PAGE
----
Friday, September 18, 2009

Ghent's "Veggie Day"

The picturesque city of Ghent, Belgium’s second-most populated municipality (with 200,000 residents), has decided to turn vegetarian.

Well, sort of. According to this article by the The Guardian, the Ghent city council declared that every Thursday be meat-free, even excluding seafood. Participation is voluntary, of course. However, the city already has a high percentage of vegetarians, so undoubtedly many will partake in the culinary challenge. All community restaurants are required to provide at least one vegetarian option on their menu, though some are going whole hog and keeping it entirely meatless for the day.

Many of Ghent’s schools are also offering completely vegetarian menus on Thursdays, though parents may decline their child’s participation if they like.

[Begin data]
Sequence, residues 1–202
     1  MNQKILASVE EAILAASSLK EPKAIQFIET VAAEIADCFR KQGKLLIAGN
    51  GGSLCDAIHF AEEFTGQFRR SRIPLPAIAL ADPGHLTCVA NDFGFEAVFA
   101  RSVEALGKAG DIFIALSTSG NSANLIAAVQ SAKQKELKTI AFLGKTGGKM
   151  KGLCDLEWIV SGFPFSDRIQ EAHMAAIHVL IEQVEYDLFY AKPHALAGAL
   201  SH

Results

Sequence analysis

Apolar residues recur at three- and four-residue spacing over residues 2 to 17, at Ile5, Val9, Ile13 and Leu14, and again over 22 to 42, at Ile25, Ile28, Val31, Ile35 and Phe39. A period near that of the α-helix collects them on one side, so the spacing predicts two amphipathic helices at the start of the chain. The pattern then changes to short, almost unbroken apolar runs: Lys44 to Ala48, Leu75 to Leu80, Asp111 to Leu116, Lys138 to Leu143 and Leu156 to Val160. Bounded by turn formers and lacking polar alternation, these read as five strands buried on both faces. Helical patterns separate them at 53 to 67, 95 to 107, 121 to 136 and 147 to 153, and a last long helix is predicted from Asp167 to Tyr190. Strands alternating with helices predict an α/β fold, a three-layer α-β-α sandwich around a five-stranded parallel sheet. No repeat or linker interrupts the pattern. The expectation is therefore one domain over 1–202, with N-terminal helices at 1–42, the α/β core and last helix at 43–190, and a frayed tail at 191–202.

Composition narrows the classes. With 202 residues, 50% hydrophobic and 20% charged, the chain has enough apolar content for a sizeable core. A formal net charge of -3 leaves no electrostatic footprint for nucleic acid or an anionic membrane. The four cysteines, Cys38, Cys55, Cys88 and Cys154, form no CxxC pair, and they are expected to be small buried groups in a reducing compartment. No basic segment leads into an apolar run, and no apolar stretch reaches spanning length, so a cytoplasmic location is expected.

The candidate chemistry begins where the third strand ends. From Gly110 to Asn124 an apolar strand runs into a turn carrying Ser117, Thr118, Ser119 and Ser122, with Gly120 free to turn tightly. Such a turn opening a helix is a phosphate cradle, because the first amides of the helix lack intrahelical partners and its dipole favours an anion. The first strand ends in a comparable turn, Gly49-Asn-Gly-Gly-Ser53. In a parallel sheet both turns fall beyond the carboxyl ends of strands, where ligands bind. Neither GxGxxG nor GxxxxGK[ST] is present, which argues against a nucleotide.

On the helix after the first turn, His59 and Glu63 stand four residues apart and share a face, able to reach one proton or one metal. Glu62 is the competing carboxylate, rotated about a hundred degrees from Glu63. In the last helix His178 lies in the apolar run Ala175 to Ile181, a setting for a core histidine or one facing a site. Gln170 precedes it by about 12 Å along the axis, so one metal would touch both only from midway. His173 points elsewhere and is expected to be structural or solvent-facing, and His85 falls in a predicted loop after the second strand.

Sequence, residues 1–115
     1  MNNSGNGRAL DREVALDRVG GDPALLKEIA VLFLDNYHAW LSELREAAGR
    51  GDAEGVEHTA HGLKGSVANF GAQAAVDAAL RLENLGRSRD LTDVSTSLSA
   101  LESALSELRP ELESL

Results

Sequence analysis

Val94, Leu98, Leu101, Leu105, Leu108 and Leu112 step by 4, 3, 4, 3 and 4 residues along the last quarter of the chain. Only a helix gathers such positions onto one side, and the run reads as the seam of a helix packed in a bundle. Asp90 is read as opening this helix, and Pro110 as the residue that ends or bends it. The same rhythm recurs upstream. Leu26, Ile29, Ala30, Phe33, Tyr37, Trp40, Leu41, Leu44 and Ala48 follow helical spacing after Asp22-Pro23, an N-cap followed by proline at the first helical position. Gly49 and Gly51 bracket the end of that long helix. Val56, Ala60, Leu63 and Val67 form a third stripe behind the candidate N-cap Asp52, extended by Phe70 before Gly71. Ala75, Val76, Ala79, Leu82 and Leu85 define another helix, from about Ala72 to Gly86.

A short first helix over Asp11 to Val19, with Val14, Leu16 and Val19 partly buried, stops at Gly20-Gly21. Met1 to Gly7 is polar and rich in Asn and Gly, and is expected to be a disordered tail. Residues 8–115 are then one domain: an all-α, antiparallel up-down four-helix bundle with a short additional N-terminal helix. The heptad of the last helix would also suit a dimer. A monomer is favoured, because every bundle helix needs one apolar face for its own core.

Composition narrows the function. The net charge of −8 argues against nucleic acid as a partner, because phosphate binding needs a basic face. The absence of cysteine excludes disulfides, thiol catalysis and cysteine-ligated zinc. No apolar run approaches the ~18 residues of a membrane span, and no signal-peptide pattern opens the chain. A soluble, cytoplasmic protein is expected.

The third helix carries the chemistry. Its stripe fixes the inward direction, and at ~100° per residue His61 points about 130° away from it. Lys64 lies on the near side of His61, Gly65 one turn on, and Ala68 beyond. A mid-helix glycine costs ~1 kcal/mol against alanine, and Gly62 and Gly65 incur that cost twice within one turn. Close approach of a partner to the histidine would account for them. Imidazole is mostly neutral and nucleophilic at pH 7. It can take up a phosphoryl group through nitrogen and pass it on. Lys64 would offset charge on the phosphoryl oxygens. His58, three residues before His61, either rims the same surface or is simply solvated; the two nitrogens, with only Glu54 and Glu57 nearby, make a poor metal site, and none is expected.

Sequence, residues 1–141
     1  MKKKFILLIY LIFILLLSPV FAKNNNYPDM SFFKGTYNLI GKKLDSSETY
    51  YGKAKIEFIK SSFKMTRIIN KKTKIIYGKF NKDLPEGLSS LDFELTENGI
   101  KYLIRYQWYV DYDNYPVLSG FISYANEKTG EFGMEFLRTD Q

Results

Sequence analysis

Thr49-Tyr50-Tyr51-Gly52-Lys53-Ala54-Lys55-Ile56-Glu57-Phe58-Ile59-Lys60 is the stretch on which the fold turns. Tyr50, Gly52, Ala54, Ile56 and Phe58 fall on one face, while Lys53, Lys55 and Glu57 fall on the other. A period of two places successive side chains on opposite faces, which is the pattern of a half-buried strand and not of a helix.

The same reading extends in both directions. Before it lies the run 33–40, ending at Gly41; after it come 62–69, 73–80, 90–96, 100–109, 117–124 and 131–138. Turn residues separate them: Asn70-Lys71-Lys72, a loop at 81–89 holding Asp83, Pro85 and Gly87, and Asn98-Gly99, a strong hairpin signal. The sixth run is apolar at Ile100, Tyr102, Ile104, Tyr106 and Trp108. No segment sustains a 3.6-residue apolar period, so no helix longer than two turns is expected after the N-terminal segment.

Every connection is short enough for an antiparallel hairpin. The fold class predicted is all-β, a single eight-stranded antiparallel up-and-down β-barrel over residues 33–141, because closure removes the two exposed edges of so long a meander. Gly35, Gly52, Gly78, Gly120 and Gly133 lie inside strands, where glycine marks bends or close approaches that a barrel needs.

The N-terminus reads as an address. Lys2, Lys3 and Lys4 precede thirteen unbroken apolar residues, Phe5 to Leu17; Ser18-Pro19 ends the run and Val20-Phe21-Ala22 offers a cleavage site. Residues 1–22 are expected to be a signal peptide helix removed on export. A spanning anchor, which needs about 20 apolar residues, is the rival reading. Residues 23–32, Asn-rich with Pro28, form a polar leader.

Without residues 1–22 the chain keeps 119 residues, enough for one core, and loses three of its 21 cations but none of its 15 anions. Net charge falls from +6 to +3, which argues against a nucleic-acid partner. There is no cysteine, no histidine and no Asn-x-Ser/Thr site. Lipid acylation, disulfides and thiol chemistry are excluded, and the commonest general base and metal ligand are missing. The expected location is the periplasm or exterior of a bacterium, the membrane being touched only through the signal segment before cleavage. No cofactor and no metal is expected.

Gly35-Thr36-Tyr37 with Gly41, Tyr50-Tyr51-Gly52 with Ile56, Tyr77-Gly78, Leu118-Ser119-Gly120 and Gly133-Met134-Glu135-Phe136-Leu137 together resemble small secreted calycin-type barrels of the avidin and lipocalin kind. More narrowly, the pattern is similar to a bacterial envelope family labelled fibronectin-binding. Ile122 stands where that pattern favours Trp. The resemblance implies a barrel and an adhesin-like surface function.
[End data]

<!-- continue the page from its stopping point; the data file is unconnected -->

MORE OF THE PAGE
The meat-free move was mainly initiated in an effort to reduce carbon emissions. The United Nations asserts that livestock causes 18% of the world’s greenhouse gas emissions. University of Chicago researchers Gidon Eshel and Pamela Martin affirmed in a 2006 study that the average American meat consumption annually contributes 1.5 more tons of carbon emissions than their vegetarian counterpart. To put that in perspective, this is comparable to switching from an SUV to a modest sedan.

Veggie Day was also initiated to combat world hunger, and to improve the city’s general health and fitness.

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